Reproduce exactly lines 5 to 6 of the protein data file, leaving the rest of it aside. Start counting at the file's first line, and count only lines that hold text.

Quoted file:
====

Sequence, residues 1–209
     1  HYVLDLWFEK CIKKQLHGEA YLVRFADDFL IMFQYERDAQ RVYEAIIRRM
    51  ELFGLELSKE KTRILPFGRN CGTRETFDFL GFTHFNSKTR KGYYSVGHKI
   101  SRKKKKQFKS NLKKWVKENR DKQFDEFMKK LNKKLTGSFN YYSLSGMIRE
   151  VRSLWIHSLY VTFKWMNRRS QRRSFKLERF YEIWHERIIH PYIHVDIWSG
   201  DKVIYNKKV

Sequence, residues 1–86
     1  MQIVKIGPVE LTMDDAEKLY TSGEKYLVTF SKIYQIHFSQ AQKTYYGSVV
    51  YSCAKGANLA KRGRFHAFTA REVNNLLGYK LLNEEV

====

   151  VRSLWIHSLY VTFKWMNRRS QRRSFKLERF YEIWHERIIH PYIHVDIWSG
   201  DKVIYNKKV